Owning a business. It’s not all Ferrari’s and swilling Champagne (I prefer Brewdog anyway). What you don’t see are them late nights, them tough decisions and life choices, which most are completely oblivious to. That’s fundamentally the difference between being an employee and owning a business. It’s what you don’t see, which is what actually makes the difference, gets things done and ensure there are jobs on offer in the future.

I’m sat at home, on my own writing this. Don’t worry, I’m not trying to paint a sad picture here. The stark reality is, that we’re (as in my business, Lucid Computer Solutions) short staffed at present due to holidays, training and waiting for a new starter to join us. A short family break for myself was booked for this week, which I’ve not been able to attend. It would simply leave the business too short, it would be a bad customer service move and put an extraordinary amount of pressure on the rest of the team. So off my partner and little girl have gone on holiday, whilst I stay at home to man the fort. Like I said, this is nothing to do with sympathy, I’m not after any and I don’t need it. I’m just pointing out this is one of many, many acts which millions of business owners make up and down the country, every day. People don’t see it, they don’t know about it – it just happens.

The actual point of this article though, isn’t for me to harp on about what you don’t see, it’s to point out what good has come from this. On the face of it, there shouldn’t be anything good. I’m home alone, whilst my family enjoy a break. However, given this situation, I’ve actually noticed a couple of small changes, which make a huge difference. I’m not sure I fully understand them, but we’ll give it a go anyway…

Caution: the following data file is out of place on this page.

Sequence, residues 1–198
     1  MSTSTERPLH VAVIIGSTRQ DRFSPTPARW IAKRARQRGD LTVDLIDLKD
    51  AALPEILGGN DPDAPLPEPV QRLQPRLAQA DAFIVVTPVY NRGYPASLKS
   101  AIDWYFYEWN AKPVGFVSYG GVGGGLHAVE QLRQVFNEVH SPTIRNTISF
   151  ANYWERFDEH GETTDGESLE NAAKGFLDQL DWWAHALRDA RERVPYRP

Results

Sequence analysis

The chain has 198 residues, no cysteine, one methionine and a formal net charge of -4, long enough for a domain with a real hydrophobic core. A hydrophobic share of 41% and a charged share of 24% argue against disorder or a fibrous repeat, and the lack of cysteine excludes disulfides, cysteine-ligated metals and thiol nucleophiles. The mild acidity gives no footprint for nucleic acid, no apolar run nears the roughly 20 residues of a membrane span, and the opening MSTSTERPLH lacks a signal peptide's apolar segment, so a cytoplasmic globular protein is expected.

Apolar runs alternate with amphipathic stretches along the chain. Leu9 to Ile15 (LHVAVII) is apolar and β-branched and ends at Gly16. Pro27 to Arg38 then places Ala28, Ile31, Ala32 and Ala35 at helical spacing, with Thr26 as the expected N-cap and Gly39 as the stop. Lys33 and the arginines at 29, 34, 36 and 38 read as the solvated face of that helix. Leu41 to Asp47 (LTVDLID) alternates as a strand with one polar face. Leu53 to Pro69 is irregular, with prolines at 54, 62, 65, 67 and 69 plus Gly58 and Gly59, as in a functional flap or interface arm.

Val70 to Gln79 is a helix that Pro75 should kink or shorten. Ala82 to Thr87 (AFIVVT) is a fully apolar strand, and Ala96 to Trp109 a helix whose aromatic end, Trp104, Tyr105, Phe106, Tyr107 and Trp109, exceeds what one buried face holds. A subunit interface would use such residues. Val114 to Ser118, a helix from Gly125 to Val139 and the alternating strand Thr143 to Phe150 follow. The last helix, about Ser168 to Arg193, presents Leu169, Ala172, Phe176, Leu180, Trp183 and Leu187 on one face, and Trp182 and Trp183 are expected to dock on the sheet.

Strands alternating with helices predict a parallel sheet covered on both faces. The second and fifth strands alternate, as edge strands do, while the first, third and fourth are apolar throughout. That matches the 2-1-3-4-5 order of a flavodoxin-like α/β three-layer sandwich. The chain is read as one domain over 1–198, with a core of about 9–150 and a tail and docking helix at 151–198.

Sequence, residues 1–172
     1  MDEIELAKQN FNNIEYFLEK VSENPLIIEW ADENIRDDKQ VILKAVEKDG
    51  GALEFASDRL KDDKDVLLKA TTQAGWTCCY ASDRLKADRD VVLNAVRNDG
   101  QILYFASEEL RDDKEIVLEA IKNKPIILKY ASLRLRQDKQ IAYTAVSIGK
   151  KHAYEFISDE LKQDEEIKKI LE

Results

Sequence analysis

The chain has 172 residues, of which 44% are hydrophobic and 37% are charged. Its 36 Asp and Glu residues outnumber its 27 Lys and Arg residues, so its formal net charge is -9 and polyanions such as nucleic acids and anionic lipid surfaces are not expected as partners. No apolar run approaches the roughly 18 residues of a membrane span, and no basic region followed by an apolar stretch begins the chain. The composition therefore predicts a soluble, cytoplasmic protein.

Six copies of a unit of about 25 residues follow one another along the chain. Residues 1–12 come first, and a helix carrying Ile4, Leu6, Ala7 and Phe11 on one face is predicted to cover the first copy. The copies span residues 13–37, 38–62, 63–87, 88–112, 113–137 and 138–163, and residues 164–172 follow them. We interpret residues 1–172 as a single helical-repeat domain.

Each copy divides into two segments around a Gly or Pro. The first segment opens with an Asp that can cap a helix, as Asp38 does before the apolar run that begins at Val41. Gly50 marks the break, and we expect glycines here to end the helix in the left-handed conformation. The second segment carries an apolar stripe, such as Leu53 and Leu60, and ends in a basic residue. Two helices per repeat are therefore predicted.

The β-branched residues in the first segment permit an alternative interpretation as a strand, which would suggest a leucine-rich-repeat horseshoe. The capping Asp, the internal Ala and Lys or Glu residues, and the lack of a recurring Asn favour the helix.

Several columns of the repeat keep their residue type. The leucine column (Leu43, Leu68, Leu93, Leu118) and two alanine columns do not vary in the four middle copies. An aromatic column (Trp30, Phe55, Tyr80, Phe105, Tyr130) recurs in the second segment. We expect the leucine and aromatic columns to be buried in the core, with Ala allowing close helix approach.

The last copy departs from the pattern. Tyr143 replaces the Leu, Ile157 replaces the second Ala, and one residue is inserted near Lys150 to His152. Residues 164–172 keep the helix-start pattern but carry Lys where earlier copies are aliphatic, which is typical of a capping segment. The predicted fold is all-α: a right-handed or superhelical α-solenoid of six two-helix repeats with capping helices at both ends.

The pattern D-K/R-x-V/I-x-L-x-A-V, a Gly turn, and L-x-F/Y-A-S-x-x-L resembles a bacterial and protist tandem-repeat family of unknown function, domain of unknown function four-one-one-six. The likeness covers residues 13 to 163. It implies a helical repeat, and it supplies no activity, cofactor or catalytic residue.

• Working earlier, finishing earlier: I’m quite an early bird anyway (again what you don’t see is the work that goes on before the business you work in, opens the doors and phone lines for the day), but I’ve stepped up again on this. I arrived at the office for 0630. I’ve got lots done during my ‘core time’. However I promised myself, using an alarm that come 1600, that would be it, end of, no exceptions. I’ve stuck to this. The major difference here though, has been I’ve not continued any work at home. I normally would, do a little here, a little there, but I haven’t. I knew this week would be draining enough, without overworking myself and not getting the rest my body craves. So this begs the questions – why don’t I do this under “normal circumstances”. I don’t have a direct answer to that, but I do know that it’s something which should continue.
  • I’ve freed up some time in the evenings: Now don’t get my wrong, being the modern day Dad, most of my evenings are around feeding, walking, playing and then getting my little girl to bed – and that certainly isn’t going to change. However I think there can be something worked into this such as more outdoor time (as I’ve been going out for walks this week) and trying to have something to look forward to in the evenings for me and my partner in crime. It shouldn’t be a case of “back to it” and working again. I’m enjoying music even more than before and watching movies. Even if it’s on me tod.
  • Just having some time to think: This could well be tied to my last article about putting my mobile phone into semi-retirement, but also not rushing from one thing to another. It’s amazing what fifteen minutes of calm can do. Alone time goes a long way to anyone’s overall well being. Again something to be selfish about and continue. As pilots will tell you, you can’t help others till you’ve looked after yourself.

 

 

So there we go, a few thoughts on business ownership and life choices. Deep. Real deep.

 

Gavin Moorhouse is the owner of Lucid Computer Solutions, based in Worcestershire, they provide IT Services to businesses in the surrounding areas. He doesn’t actually like Champagne anyway.

 

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